Therefore, this is the exact equivalent of a currency intervention aimed at ensuring the stability of the exchange rate between Germany and Spain: the country with a "strong currency" buys assets of the country with a "weak currency" to stabilise the exchange rate.

Similarity with the China/United States pair

When China accumulates foreign exchange reserves in dollars to prevent an excessive appreciation of the RMB against the dollar, the People's Bank of China holds US assets and the United States, conversely, has a debt to China.

This operation increases the size of the balance sheet of the People's Bank of China, and therefore leads to monetary creation.

Likewise, when the Bundesbank lends to central banks in the Southern euro-zone countries, and these central banks subsequently lend these funds to the banks in their own countries, there is a creation of monetary base in euros.

Target 2 accounts measure the risk of a break-up of the euro

The size (positive or negative according to the country) of the Target 2 accounts held by the central banks in the euro zone therefore represents the size of the foreign exchange reserves that the euro zone countries with a "strong currency" have to accumulate to ensure the euro’s sustainability ("exchange-rate stability" between euro zone countries). The more the size of these accounts increases, the higher the risk that the euro may break-up.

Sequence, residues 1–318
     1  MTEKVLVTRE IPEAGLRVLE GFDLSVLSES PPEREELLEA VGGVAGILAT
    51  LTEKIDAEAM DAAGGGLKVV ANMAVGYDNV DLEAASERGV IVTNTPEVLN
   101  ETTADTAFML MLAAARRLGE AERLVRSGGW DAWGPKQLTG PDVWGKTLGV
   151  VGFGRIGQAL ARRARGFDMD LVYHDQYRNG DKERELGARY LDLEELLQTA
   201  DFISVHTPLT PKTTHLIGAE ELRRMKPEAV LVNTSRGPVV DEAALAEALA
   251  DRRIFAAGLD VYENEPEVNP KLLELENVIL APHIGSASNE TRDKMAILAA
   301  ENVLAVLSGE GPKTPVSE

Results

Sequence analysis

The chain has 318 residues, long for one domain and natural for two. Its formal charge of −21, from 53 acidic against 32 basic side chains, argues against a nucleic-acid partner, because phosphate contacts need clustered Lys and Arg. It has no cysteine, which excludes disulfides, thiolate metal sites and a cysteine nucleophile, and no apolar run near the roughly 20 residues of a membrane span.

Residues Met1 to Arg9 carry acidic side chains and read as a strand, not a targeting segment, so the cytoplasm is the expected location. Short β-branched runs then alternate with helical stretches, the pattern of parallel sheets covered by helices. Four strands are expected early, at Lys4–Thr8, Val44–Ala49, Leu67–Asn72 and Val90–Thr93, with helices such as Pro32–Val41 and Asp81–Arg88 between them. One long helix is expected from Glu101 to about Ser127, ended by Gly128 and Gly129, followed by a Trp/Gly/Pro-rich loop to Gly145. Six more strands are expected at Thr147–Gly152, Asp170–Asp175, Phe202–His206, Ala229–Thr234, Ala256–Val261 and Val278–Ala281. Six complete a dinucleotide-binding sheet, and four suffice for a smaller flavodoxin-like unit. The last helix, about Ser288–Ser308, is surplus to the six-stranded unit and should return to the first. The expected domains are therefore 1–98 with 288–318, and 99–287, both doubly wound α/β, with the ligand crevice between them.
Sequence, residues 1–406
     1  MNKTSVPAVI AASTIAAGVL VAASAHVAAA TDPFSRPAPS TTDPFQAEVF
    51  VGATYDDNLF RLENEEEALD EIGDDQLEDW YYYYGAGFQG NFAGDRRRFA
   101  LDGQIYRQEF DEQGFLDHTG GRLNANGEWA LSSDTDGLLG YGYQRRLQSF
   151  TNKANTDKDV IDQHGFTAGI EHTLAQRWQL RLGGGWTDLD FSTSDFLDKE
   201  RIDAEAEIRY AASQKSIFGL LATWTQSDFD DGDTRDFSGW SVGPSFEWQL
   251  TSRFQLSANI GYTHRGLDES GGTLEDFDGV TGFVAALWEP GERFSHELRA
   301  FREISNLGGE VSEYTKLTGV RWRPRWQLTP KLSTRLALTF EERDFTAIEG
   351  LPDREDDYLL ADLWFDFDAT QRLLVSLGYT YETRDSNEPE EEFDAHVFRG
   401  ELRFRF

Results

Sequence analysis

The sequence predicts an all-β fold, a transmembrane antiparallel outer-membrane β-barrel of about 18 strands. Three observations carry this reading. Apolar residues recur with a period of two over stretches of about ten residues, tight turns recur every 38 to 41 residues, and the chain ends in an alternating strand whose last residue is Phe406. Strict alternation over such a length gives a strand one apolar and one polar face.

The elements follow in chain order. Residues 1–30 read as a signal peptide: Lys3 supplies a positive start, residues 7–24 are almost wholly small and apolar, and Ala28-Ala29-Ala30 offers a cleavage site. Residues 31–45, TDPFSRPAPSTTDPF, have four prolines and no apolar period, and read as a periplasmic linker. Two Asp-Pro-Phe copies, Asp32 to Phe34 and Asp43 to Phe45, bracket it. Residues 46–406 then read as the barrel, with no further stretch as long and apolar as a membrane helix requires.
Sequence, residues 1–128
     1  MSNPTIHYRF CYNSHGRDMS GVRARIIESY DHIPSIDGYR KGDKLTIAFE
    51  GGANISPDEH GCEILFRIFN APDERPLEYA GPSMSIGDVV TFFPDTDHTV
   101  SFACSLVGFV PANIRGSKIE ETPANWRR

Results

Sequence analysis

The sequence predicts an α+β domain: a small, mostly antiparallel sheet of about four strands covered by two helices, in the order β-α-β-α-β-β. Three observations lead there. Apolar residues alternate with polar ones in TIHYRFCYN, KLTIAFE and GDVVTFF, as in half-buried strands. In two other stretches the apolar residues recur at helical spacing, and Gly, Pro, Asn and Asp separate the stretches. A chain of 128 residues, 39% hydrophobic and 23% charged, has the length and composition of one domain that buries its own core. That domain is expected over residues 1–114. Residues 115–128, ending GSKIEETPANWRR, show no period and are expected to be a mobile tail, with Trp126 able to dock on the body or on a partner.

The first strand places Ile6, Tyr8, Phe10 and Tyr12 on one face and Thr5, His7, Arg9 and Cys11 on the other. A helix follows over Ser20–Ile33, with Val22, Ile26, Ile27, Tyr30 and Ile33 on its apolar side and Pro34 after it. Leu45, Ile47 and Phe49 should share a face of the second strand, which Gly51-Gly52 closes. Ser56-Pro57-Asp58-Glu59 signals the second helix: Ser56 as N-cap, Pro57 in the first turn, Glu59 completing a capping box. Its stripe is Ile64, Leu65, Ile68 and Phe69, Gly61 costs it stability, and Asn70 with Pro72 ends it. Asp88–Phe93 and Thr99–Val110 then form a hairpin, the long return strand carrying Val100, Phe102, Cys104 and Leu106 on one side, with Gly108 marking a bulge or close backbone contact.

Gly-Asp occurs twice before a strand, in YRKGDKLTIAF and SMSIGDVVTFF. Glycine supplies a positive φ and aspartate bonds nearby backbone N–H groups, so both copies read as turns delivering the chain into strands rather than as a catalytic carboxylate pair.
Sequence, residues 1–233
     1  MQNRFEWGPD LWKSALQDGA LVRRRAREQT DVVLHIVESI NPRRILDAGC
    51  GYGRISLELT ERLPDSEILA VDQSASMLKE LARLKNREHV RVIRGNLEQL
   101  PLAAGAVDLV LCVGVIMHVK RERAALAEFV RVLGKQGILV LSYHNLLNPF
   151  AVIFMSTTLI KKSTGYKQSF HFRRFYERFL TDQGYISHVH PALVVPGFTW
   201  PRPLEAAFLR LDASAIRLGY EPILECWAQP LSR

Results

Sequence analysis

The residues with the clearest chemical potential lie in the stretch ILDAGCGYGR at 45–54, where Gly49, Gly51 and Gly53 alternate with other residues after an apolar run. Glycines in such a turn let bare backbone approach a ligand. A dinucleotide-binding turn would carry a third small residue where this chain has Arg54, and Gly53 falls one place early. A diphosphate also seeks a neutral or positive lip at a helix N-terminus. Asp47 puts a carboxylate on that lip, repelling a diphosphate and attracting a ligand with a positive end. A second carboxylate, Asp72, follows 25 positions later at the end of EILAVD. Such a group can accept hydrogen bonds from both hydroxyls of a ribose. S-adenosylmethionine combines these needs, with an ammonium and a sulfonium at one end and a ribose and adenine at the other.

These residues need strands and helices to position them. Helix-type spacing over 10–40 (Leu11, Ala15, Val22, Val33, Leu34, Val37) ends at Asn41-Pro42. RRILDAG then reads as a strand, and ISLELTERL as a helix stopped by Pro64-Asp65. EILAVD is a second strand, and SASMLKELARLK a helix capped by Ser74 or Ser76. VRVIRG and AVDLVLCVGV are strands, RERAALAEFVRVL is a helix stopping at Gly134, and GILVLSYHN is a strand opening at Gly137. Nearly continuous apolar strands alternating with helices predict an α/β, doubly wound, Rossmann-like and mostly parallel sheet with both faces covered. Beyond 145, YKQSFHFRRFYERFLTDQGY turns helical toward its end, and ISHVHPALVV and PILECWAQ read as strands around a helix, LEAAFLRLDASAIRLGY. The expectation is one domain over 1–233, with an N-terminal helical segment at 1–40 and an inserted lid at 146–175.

Positive Target 2 accounts surged from the summer of 2011, and this went hand in hand with a period of pressure on the interest rates on peripheral government bonds and on risk premia on banks.

Patrick Artus

A graduate of Ecole Polytechnique, of Ecole Nationale de la Statistique et de l'Adminstration Economique and of Institut d'Etudes Politiques de Paris, Patrick Artus is today the Chief Economist at Natixis. He began his career in 1975 where his work included economic forecasting and modelisation. He then worked at the Economics Department of the OECD (1980), before becoming Head of Research at the ENSAE. Thereafter, Patrick taught seminars on research at Paris Dauphine (1982) and was Professor at a number of Universities (including Dauphine, ENSAE, Centre des Hautes Etudes de l'Armement, Ecole Nationale des Ponts et Chaussées and HEC Lausanne).

Patrick is now Professor of Economics at University Paris I Panthéon-Sorbonne. He combines these responsibilities with his research work at Natixis. Patrick was awarded "Best Economist of the year 1996" by the "Nouvel Economiste", and today is a member of the council of economic advisors to the French Prime Minister. He is also a board member at Total and Ipsos.

Website: cib.natixis.com/research/economic.aspx